Ed Bradley, a TV Journalism Favorite, Dies
(Soundbite of show, “60 Minutes”)
Mr. ED BRADLEY (CBS News): I'm Ed Bradley.
Mr. STEVE KROFT (CBS News): I'm Steve Kroft.
Ms. LESLIE STAHL (CBS News): I'm Leslie Stahl.
Mr. MORLEY SAFER (CBS News): I'm Morley Safer.
Mr. SCOTT PELLEY (CBS News): I'm Scott Pelley. Those stories and Andy Rooney tonight, on 60 Minutes.
(Soundbite of ticking clock)
MICHELE NORRIS, host:
Ed Bradley, the 60 Minutes correspondent and one of the most visible black journalists in America, has died. He was 65.
Bradley joined CBS News in 1971 as a stringer in Paris. He spent a couple years in the network's Saigon bureau, in 1975 covered the fall of Cambodia and Vietnam. His career at 60 Minutes spanned a quarter century. Over the years he was awarded 19 Emmys for stories like his interview with Oklahoma City bomber Timothy McVey, his hour on sex abuse in the Catholic Church and his report on the reopening of the Emmett Till murder case.
Mr. BRADLEY: I have some questions I'd like to ask her about Emmett Till. Will she come out and talk to us?
Unidentified Man: (Unintelligible)
Mr. BRADLEY: Tell me again.
Unidentified Man: Won't.
Mr. BRADLEY: She won't?
Unidentified Man: No. Goodbye.
Mr. BRADLEY: Goodbye?
Unidentified Man: I said goodbye.
Mr. BRADLEY: Goodbye.
Unidentified Man: Yes, sir.
Mr. BRADLEY: You leaving?
Unidentified Man: No, you are.
NORRIS: Outside of journalism Ed Bradley's passion was jazz. He hosted the public radio program Jazz at Lincoln Center.
(Soundbite of program, “Jazz from Lincoln Center”)
Mr. BRADLEY: Vanessa Rubin and Kevin Mahogany are Singers over Manhattan on this edition of Jazz from Lincoln Center. I'm Ed Bradley.
(Soundbite of music)
NORRIS: And for a generation of black journalists, Bradley was a trail blazer. He was exceedingly private yet he would occasionally make unsolicited calls of encouragement to young black journalists getting started in network news. Hang in there, he'd say. This business needs you.
Today Ed Bradley's colleague, CBS News correspondent Mike Wallace, told me that Bradley's easy manner served him well professionally.
Mr. MIKE WALLACE (CBS News): Ed was comfortable in his own skin and he made people around him comfortable. Look, I was the tough guy who asked all kinds of abrasive and confrontational questions. Ed could do the same damn thing just as effectively, but he didn't come across as a tough guy. He did his homework. He was thoughtful. But somehow the people that he talked with were comfortable talking with him. That was not always necessarily the case with me.
NORRIS: Is there a particular Ed Bradley piece that really captures what he stood for in journalism?
Mr. WALLACE: No, there's no typical Ed Bradley, because he was so versatile. He could do investigations. He could do profiles. He was very good on the air just ad-libbing in political situations, on election nights and things of that nature. He could do it all and he could do it all effectively, and you believed that he knew exactly what he was saying. He could do it all. He really could.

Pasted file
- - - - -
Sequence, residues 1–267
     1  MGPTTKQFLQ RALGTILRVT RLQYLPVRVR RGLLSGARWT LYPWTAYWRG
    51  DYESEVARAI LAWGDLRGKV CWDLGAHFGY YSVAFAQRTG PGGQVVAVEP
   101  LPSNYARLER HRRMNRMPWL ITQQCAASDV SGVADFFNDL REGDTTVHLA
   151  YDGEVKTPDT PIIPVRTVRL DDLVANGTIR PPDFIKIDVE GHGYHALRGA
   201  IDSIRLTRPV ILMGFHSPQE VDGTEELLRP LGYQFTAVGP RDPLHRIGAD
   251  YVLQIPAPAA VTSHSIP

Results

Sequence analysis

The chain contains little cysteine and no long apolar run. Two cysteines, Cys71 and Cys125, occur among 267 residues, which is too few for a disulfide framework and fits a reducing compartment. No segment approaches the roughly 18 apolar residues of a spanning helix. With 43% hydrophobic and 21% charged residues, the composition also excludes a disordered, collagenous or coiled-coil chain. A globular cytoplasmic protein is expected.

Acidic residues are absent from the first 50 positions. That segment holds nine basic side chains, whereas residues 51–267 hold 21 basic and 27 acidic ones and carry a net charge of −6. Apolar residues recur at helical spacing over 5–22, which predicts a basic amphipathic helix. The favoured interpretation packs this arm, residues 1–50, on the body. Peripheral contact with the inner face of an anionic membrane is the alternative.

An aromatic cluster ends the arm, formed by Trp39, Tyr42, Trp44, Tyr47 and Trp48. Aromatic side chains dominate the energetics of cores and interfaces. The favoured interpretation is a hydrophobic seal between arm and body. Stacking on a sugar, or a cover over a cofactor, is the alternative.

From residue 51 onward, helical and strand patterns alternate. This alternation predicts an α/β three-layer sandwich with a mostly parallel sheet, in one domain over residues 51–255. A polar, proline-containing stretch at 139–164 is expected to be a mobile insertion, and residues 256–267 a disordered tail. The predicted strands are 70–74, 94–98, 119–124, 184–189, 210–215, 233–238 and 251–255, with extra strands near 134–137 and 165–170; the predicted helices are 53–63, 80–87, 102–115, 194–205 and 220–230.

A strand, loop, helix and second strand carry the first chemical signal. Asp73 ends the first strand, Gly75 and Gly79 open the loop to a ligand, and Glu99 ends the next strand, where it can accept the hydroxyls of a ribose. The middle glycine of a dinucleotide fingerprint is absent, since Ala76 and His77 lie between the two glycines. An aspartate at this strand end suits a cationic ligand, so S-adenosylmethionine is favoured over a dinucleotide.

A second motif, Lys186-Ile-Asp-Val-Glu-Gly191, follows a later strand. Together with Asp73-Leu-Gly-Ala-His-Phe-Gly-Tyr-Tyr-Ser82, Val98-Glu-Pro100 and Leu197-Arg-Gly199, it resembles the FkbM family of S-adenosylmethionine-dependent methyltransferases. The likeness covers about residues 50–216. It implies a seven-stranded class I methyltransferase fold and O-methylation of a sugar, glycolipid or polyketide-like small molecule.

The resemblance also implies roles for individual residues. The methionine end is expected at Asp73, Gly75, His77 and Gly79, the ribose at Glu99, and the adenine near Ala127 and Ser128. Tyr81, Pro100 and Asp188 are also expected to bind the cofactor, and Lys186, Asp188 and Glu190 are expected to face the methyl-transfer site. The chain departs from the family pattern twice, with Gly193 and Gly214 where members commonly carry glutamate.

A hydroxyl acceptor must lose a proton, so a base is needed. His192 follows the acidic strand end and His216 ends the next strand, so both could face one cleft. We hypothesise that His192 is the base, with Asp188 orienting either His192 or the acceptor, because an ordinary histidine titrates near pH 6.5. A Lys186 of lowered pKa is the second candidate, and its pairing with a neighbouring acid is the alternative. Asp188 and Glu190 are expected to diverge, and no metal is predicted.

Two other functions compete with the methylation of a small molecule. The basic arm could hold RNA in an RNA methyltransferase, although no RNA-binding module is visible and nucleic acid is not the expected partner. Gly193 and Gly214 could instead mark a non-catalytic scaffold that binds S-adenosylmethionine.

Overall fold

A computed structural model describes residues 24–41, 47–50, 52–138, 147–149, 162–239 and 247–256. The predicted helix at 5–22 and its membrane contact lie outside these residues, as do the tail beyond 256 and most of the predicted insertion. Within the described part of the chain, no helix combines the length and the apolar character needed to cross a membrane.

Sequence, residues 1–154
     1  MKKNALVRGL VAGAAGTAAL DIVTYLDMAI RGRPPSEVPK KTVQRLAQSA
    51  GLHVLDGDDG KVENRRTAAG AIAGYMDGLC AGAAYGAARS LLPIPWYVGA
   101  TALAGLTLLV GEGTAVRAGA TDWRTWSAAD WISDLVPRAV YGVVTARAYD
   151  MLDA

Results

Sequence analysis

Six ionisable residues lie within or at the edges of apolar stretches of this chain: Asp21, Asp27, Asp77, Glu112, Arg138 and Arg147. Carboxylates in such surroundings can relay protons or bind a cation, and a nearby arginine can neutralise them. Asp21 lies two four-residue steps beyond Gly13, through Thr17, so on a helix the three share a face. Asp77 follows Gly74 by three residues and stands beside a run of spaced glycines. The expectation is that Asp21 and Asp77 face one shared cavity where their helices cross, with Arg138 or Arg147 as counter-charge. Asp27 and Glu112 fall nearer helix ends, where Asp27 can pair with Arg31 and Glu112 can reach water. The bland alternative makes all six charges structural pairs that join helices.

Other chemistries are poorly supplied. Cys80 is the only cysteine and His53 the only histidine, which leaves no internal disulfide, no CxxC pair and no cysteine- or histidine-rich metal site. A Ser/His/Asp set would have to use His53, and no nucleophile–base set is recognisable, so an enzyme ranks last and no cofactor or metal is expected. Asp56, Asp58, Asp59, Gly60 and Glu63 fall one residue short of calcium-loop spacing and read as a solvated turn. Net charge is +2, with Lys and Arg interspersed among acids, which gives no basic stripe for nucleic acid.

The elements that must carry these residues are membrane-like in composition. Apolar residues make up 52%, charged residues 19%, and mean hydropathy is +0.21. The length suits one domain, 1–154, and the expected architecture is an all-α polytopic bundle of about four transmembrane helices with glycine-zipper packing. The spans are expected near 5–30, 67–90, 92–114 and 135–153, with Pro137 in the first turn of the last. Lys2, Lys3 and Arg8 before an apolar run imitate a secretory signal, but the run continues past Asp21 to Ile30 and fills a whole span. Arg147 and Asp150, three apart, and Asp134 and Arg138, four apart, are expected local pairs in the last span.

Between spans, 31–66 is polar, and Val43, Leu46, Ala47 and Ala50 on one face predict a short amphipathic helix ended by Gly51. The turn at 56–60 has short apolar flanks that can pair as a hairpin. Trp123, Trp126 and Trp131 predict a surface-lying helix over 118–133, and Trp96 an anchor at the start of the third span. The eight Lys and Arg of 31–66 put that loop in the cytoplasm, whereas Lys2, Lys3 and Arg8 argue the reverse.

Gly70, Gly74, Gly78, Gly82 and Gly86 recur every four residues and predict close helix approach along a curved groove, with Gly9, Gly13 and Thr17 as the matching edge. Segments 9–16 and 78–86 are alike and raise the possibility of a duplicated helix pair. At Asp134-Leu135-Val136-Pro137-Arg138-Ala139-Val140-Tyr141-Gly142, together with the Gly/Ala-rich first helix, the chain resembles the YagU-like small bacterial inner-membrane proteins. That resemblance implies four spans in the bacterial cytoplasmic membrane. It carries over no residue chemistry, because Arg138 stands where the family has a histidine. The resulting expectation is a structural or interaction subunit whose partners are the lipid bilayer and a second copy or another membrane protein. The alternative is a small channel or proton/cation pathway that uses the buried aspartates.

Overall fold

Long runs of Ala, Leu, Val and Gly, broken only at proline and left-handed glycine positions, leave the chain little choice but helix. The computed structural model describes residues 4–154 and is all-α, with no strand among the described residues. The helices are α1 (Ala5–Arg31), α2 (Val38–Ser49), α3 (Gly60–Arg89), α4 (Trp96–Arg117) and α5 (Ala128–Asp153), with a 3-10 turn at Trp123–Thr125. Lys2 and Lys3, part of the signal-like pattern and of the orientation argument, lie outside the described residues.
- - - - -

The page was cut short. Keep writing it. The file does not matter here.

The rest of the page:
NORRIS: You often heard him laugh in his pieces. He was quite obviously having a good time. I'm thinking of the -
Mr. WALLACE: Oh, yes. No, he did have a good time. He really did. I remember so well when he interviewed Mohammed Ali. He was under the impression that Ali was sicker and less alert than he thought, and so when Bradley asked him some questions at which Mohammed Ali took, it was phony, but he took offense ostensibly, when Bradley understood that he was being put on by Ali, he enjoyed every bit as much as the champion did.
NORRIS: It's a wonderful shot. He played possum with him.
Mr. WALLACE: Yes. That's exactly what he did. He played possum with him.
NORRIS: I heard that despite Ed Bradley's stature, despite the fact that he's so well known, that at the end of the day, when he went down on the street in New York City, tried to hail a cab, he couldn't find one. You would sometimes help him out?
Mr. WALLACE: Well, occasionally. Occasionally that was true, because he was black. There was a time when some cab drivers were not anxious to pick up black fares because they figured they'd be taking them to conceivably dangerous territory. But that's not been true for a long, long time and after awhile in any case, Ed was making so much money that he could call a private car to come and pick him up.
NORRIS: Ed Bradley was the first television reporter of great national stature to wear an earring on the air. Did he take any guff about that when he first did that?
Mr. WALLACE: There was considerable talk in the shop when he showed up wearing the earring. I couldn't believe it, but then I'm an old fashioned person who is a quarter century older than Ed. He was able to bring it off and, of course, little by little I think people began to wear the earring because Bradley was wearing the earring.
NORRIS: He had a high cool quotient?
Mr. WALLACE: Yes, he did. Yes, he did.
NORRIS: Mike Wallace, thanks so much for your time. All the best to you and our condolences on the loss of your colleague and your friend. Thanks so much.
Mr. WALLACE: Thanks a lot.
NORRIS: That's Mike Wallace of CBS News remembering 60 Minutes correspondent Ed Bradley. Bradley died today of complications from leukemia. He was 65.
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